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Burning deadstock? Sadly, 'Waste is nothing new in fashion'

By Vivian Hendriksz


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Fashion |OPINION

London - The fashion industry problem with waste caught the public’s attention this week, as leading fashion companies H&M and Bestseller were accused of incinerating tonnes of unwanted, yet usable clothing. While H&M denies these claims, stating they only destroy clothing which fails to fulfil their strict safety regulations, and Bestseller counters that it only incinerates items that are damaged, the idea that high street fashion brands incinerate potentially valuable resources shines a light on one of the main problems currently residing in the industry.

The global fashion industry produces approximately 100 billion garments per year, feeding consumers insatiable appetite for new clothes. But as clothing consumption rates increase, as does the end result - textile, leather and apparel waste. The fashion industry is said to produce 92 million tons of solid waste each year, according to data from Greenpeace, but most never think to ask what are brands and retailers doing with this waste? High street retailers such as H&M and Bestseller, the parent company behind Jack & Jones, Vero Moda and Vila, use a number of marketing tactics to encourage consumers to recycle their unwanted clothing in an effort to become more sustainable. However, at the same time, they are incinerating and shredding unwanted, damaged or potentially harmful clothing behind closed doors according to new media reports, sending out a very mixed message.

“We are just looking at the tip of the iceberg when it comes to waste”

Orsola de Castro, founder and creative director, Fashion Revolution

Unfortunately, when it comes to disposing of unwanted, unsafe or excess garments, aka waste, incineration is a common industry practice. “We are just looking at the tip of the iceberg when it comes to waste,” says Orsola de Castro, Founder and Creative Director of Fashion Revolution to FashionUnited over the phone. “Waste is the next big issue that fashion industry must overcome. It really is shocking how much factories and brands waste.” Also known as the Queen of Upcycling, de Castro is no stranger to the fashion industry and the challenges it faces when it comes to waste. She has spent the past 20 years of her career trying to navigate the industry problems with waste as a designer, consultant and creative director.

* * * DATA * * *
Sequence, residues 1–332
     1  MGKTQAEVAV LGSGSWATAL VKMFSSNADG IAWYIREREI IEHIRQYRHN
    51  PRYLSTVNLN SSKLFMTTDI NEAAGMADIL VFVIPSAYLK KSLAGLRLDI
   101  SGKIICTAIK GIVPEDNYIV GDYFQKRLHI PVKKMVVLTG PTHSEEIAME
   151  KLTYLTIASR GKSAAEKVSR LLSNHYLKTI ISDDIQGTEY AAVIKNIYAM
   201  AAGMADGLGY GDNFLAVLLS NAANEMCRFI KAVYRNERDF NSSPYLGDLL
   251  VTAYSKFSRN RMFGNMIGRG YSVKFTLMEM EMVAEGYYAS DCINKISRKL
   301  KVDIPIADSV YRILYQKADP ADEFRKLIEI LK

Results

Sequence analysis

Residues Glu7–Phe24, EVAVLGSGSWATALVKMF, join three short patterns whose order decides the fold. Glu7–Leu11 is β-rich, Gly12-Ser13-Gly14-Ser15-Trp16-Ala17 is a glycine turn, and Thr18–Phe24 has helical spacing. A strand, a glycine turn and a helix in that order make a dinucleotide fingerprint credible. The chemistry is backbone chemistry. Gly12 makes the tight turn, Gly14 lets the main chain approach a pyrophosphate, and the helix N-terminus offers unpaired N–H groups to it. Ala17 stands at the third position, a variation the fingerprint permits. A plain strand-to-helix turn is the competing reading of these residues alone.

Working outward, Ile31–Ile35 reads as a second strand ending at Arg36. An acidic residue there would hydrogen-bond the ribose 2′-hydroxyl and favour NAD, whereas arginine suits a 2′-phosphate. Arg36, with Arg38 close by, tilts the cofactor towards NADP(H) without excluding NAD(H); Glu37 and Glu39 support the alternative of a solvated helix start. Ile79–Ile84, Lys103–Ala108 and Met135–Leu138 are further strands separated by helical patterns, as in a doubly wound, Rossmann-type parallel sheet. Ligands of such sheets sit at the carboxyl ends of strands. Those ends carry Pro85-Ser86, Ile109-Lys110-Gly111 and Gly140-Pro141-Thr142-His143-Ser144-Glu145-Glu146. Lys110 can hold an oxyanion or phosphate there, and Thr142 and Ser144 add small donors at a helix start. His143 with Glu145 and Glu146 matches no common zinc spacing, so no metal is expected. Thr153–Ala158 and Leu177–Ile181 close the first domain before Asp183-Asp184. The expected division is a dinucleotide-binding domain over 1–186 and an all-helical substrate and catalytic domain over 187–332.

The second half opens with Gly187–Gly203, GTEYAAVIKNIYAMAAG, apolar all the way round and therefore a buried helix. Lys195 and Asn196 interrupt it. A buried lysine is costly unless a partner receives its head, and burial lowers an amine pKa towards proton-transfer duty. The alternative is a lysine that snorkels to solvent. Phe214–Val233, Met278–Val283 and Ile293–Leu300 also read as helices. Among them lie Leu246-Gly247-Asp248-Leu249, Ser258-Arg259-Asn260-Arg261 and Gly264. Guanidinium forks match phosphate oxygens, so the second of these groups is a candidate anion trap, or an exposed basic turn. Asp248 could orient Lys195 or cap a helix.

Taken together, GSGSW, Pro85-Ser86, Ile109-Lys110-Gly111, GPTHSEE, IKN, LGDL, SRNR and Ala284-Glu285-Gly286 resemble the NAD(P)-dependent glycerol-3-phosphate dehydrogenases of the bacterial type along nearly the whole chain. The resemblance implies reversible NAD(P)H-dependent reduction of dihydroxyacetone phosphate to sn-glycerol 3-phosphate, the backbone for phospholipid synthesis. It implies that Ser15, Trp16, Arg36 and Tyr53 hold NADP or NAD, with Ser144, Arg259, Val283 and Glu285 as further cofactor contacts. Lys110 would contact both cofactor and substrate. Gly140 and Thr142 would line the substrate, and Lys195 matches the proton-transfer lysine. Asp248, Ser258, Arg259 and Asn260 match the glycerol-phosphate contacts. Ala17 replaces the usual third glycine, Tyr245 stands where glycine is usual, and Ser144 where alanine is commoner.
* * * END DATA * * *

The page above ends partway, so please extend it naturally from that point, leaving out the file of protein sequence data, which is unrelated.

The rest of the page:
“The issues of incineration when it comes to fashion waste is nothing new. It is something that brands and factories alike have been doing for years,” she points out. “Behind the scenes, factories are quite open about it, brands are open about it, but on the consumer side, there is zero transparency concerning how, when, where and what they are incinerating. Consumers are just unaware that this is something that has been going on for a long time.” Dr Christina Dean, founder and CEO of Hong Kong-based NGO Redress, author and co-founder of luxury upcycle label BYT, has also witnessed first hand the industry's problems managing waste. Having spent the majority of her career fighting against waste in the fashion industry, she strongly agrees with de Castro. “Really the report is not a shock,” she says to FashionUnited. “It is yesterday's news as it happening everywhere in the industry, across the entire board. The only difference is that H&M and Bestseller got caught. I know many companies are doing it.”